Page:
Transformation lurks within form itself; it is the most vital part of form and its deepest shadow. It appears in the changes and mutations that result from handling forms and circumstances. As a rule, this leaves traces that can be read forwards and backwards, pointing to a form’s origin, truth, and future options. In the “new” or “technical” imagination, the term takes on an operative aspect; it can be seen as analogous to an electrical transformer. Anchored to vital fractures in material production, the potential of outmoded forms is boosted, transformed, and switched into a new formation. This opens up an expanded semantic field, essential for innovation.
Vilém Flusser implants transformation as a catalyst directly at the level of language. His linguistic way of thinking is shot through with a network of deep etymological analyses, a thousand-year-old web of word roots to which he returns again and again. In contrast to Martin Heidegger’s “language […] as the arch-tidings of Appropriation” (Heidegger, “The Way to Language,” in: On the Way to Language, 1982, p. 135), Flusser takes a hands-on approach to the subject: The concept is tweaked, transformation becomes method. He talks about transformation by letting us experience it, giving us a practical demonstration of how it takes place in language itself. This includes repetition and recomposition in other languages. He sums up this mode of translation in his “Lexicon of Basic Concepts”: “to move from code to code; therefore, to jump from one universe into another.” (Towards a Philosophy of Photography, 1984, p. 61). Here, transformation follows the evolutionary principle of repetition and difference – the linguistic signature of Flusserian DNA. “About the Word Design” (in: The Shape of Things, 1999, pp. 17–21) is representative of this successful prototype; after being treated with Flusser’s etymological distillates, the design we knew is barely recognizable.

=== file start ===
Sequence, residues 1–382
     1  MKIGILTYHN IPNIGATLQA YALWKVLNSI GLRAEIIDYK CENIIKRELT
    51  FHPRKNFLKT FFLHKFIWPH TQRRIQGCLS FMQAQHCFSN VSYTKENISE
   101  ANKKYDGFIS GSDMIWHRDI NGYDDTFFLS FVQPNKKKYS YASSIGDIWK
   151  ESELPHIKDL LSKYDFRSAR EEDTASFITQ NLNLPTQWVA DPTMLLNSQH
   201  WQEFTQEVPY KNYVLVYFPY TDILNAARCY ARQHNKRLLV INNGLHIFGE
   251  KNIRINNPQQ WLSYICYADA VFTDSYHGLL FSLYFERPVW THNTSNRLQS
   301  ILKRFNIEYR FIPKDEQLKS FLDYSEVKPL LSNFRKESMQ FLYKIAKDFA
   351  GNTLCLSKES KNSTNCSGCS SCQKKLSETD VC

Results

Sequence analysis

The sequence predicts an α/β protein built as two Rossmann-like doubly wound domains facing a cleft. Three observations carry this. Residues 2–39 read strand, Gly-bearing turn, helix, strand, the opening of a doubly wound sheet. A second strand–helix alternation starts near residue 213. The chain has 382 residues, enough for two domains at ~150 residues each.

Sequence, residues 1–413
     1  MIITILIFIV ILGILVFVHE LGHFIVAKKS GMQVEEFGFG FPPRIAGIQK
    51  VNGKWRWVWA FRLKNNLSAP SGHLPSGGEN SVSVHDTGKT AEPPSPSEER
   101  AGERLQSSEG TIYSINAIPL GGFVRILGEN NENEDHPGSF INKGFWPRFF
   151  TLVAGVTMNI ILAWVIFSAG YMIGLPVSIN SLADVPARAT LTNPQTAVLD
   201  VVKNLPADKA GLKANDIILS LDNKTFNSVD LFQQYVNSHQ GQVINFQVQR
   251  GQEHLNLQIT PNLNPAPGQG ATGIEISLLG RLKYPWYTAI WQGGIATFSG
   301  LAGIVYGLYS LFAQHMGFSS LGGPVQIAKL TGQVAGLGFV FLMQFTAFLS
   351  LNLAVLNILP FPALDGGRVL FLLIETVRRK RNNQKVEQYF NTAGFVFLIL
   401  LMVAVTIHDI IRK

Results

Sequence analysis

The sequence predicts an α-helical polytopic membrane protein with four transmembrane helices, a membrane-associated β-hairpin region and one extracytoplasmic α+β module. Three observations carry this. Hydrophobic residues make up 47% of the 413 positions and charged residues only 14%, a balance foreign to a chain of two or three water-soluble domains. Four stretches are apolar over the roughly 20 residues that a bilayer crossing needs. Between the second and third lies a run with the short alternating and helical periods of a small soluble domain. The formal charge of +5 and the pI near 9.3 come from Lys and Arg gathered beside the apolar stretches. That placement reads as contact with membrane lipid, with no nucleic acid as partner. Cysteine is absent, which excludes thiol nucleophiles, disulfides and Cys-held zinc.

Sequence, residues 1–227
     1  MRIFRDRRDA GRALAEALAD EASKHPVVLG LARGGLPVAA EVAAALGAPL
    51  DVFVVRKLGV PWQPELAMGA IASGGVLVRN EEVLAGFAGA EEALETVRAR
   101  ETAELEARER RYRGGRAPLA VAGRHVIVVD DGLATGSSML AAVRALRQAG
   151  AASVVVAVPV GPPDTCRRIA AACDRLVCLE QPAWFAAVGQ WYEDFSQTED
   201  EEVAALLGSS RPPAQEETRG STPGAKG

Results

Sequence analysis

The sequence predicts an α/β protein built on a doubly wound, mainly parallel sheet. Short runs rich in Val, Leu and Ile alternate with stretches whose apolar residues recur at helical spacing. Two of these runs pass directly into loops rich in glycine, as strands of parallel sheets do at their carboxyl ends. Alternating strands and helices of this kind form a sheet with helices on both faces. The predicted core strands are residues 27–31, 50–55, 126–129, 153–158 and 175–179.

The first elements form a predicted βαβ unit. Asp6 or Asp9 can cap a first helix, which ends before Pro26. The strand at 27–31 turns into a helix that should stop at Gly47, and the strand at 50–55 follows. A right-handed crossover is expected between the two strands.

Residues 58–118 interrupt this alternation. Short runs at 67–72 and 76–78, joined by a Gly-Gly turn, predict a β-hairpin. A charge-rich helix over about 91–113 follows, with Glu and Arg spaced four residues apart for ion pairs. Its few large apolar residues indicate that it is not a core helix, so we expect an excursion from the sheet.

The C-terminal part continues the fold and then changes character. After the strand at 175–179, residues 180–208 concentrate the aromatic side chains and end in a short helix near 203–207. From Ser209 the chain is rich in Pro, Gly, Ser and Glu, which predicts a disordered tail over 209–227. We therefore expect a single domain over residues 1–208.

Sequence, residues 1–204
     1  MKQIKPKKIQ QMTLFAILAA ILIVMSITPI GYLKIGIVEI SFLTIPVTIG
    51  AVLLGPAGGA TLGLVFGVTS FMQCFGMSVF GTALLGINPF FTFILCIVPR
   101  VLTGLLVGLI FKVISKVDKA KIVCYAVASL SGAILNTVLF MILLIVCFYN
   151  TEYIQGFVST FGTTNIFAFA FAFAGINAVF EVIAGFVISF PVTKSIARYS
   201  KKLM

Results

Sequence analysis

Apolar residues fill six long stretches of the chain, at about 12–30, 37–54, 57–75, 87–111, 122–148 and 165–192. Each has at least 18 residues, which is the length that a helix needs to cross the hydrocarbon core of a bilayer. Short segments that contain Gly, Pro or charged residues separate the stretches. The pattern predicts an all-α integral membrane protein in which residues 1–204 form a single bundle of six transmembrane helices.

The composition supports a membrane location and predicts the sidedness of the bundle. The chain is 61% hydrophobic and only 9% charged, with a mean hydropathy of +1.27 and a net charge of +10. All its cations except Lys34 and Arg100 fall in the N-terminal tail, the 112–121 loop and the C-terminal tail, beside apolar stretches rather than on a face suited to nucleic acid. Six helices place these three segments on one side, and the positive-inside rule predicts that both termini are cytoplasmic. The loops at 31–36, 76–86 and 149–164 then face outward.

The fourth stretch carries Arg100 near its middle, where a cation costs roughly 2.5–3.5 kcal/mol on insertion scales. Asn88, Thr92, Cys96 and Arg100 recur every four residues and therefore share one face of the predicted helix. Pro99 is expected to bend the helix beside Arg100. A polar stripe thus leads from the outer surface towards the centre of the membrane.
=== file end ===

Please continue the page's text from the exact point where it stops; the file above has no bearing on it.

Transformative experiences and feelings are reflected in the dominant currents of Flusser’s thought, with Auschwitz on the horizon and the innovative, foresighted thinking of a fundamental cultural transformation in the center. On the field of history, transformation occupies a universal space, unfolding into a recurring part of a becoming in which the relationship of life to death is reestablished by reconsideration and redirection.
Original article by Tom Fecht